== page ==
Help for first time buyers

publication date: Apr 21, 2020
 | 
author/source: Kate Faulkner, Property Expert and Author of Which? Property Books

Below we have listed everything you need to know ‘at a glance’

Here are the top three guides we’ve found:

First time buyer eBook

First time buyer eBook

FirstHomeCoach - free app for
first time buyers

FirstHomeCoach - free app for first time buyers

First Time Buyer Magazine

First Time Buyer Magazine

Have you got a question about buying a first home and want an expert answer?

Visit our
forum

Visit our forum

Contact us
directly

Contact us

Visit the dedicated first time buyer forum on PropertyTribes

Visit the dedicated first time buyer forum on PropertyTribes

Useful Calculators

FirstHomeCoach - How much can you save?

FirstHomeCoach - How much can you save?

Coreco - Mortgage calculator

reallymoving - Moving cost calculator


Want to know what to do in what order? We’ve listed everything you need to know below

When you first start thinking about buying a home you will probably start browsing property portals – this is a bad idea! First you should be sorting your finances!

Jump to:

  1. How do I save for a deposit?
  2. How much can I afford to pay for a home? How do I get a mortgage?
  3. How do I find the right home?
  4. When and how do I choose a legal company?
  5. How do I know how much to offer on a property?
  6. Why do I need a survey? Which one do I choose?
  7. How do I insure my home?
  8. Exchange and completion
  9. How do I move home?

How do I save for a deposit?

One thing that might be playing on your mind is just how to save for that all important deposit. You might have seen headlines in the papers saying you need tens of thousands to get on the ladder but the reality can be quite different. Many first-time buyers need to save less than £10,000 and you can half that if you are buying with a partner or friend.

However, figures like this can still seem a little intimidating:

  1. You’ll need at least 5% of the property price for a deposit
  2. If you can find a home for £125,000 in your area, this will be a minimum deposit of £6,250.
  3. Add buying costs (mortgage fee, legal costs, survey) of up to £2,000
  4. Total amount required: £8,250

These number are lot less frightening when broken down:

  1. If there are two of you saving, the cost is halved to £4,875
  2. Break this down each month for two years, it’s £203.13 a month (each)

Grab the government help!

There are two schemes which will take even more pressure off you:

Help to Buy ISA - not open to new savers

  1. With a Help to Buy ISA you can save up to £200 a month towards your first home
  2. The government will boost your savings by 25%
  3. You can make an initial deposit of up to £1,200
  4. You can receive a maximum bonus of £3,000
  5. The scheme operates across the whole of the United Kingdom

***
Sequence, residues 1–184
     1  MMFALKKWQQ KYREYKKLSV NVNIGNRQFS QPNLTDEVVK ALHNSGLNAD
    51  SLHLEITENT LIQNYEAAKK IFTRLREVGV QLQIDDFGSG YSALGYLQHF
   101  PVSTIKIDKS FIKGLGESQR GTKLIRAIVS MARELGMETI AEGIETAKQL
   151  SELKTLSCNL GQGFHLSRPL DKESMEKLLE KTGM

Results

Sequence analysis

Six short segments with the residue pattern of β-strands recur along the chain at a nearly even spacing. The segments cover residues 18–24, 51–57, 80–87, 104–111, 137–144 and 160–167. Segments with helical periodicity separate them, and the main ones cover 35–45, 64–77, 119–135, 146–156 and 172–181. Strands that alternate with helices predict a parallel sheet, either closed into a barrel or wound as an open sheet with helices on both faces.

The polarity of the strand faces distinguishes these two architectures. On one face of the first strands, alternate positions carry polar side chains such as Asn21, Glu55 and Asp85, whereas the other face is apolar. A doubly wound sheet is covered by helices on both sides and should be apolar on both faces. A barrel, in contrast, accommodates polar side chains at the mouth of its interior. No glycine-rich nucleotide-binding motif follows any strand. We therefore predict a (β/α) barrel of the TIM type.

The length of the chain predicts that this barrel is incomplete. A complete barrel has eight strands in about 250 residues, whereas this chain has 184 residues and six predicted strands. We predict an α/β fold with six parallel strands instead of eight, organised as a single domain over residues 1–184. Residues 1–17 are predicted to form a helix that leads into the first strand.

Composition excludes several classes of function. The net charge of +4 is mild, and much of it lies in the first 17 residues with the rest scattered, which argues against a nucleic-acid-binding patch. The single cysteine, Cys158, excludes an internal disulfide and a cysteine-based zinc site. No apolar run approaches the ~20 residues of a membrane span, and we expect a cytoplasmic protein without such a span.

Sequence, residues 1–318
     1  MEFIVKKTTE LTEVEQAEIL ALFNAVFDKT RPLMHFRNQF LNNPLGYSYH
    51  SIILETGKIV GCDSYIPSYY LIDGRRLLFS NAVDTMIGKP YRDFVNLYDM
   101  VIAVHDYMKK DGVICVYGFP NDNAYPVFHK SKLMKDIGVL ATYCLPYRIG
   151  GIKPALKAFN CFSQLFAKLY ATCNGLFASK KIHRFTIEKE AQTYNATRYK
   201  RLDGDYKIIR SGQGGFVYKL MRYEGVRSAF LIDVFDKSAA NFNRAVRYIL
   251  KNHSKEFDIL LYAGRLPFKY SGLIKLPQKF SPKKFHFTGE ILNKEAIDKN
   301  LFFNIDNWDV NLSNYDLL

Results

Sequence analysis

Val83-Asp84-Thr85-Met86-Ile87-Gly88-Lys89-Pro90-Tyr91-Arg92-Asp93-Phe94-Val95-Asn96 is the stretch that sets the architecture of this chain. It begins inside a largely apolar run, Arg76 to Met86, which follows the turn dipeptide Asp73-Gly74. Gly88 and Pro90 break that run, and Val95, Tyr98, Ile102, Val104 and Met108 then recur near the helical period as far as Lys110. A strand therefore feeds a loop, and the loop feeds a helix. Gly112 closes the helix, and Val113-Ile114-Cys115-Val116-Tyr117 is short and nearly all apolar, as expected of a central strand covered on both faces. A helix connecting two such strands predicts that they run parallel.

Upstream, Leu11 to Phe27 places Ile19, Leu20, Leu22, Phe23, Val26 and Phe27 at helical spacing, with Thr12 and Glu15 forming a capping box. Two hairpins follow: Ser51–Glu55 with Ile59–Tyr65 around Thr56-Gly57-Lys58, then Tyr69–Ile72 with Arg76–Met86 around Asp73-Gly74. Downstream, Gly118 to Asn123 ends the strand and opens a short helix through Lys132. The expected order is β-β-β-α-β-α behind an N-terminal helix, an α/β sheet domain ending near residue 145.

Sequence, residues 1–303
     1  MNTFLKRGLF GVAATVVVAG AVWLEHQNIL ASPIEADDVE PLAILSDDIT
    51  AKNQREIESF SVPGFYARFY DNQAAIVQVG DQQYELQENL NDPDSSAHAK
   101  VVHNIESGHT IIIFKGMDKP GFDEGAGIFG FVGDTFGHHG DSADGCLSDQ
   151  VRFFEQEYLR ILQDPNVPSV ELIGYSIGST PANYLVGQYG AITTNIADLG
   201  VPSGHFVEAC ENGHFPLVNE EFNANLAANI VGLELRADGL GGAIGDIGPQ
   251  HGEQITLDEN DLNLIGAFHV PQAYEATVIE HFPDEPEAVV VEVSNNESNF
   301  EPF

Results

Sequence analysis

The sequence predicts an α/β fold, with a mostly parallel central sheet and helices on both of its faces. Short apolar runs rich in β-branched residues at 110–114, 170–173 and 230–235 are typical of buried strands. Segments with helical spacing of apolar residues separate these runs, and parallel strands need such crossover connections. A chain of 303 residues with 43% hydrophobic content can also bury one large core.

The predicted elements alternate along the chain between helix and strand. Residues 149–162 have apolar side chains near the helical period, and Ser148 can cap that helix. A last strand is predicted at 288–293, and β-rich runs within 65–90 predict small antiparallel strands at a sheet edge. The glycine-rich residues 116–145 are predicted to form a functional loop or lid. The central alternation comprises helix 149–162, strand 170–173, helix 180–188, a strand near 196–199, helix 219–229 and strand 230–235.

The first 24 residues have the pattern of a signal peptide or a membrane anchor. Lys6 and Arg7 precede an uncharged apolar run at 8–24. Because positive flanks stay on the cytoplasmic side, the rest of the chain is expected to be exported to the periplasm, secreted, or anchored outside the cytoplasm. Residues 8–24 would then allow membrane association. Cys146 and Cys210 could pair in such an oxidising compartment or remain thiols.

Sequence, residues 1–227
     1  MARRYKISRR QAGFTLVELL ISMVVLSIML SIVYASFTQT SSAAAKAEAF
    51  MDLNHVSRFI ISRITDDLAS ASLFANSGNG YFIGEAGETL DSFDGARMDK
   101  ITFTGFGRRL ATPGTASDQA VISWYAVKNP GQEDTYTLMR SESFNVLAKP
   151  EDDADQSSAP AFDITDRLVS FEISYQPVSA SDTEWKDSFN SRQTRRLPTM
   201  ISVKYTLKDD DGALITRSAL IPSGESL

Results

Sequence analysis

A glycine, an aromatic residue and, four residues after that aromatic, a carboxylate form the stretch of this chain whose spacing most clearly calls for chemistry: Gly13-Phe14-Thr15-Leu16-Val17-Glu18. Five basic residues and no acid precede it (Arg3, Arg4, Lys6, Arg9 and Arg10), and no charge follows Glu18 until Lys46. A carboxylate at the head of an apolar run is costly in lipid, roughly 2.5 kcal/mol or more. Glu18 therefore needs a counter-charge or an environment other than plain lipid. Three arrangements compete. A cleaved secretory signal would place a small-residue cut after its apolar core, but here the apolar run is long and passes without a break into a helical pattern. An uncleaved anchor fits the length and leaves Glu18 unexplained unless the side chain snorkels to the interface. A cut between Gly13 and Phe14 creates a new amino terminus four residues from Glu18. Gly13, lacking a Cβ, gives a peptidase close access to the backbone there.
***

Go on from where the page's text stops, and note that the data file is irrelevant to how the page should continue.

Lifetime ISA

  1. You must be aged 18-40 to open
  2. You can put in up to £4,000 per year up to the age of 50
  3. Government will add 25% to your savings up to a maximum of £1,000 per year

You can use the Lifetime ISA to buy your first home if you meet the following criteria:

  1. The property costs £450,000 or less
  2. You buy the property at least 12 months after you open the ISA
  3. You use a conveyancer or solicitor to act for you in the purchase - the ISA provider will pay the funds directly to them
  4. You’re buying with a mortgage

OK, but how do I actually save money? Everything I get goes on bills

This is all about little sacrifices - do you really need to go abroad on holiday this year? Could you use public transport more? Do you get value for money from your subscription TV? Changes like this soon add up to the amount needed to put a deposit down.

Find out how we help you get saving today for your deposit by visiting our dedicated page.

You can also access our calculators on saving for a deposit and the Help to Buy ISA here:

  1. Saving for a deposit
  2. Help to Buy ISA

But, which scheme is right for me? Find out now with our assessment of the Help to Buy ISA vs Lifetime ISA.

How much can I afford to pay for a home? How do I get a mortgage?

Before you are even ready to buy and search for properties, this is the key question to answer as it’s not just the deposit you need but fees and most importantly how much can you borrow for you mortgage.

Most first-time buyers worry about this the most – but don’t! A good mortgage broker, free of charge initially, will help you budget for your first home purchase (even if it’s years away) You only pay them when they find a mortgage you want and then they’ll help you fill in the paperwork and progress the mortgage for you.

Here’s are our checklists on how to choose a broker, securing the right mortgage and a range of mortgage calculators:

  1. How to secure the right mortgage
  2. How to choose a mortgage broker
  3. Forms to apply for a mortgage
  4. Find your mortgage calculator

What are the other costs I’ll need to pay?

Legal fees can set you back anywhere from around £300 + VAT to over £1,000 + VAT.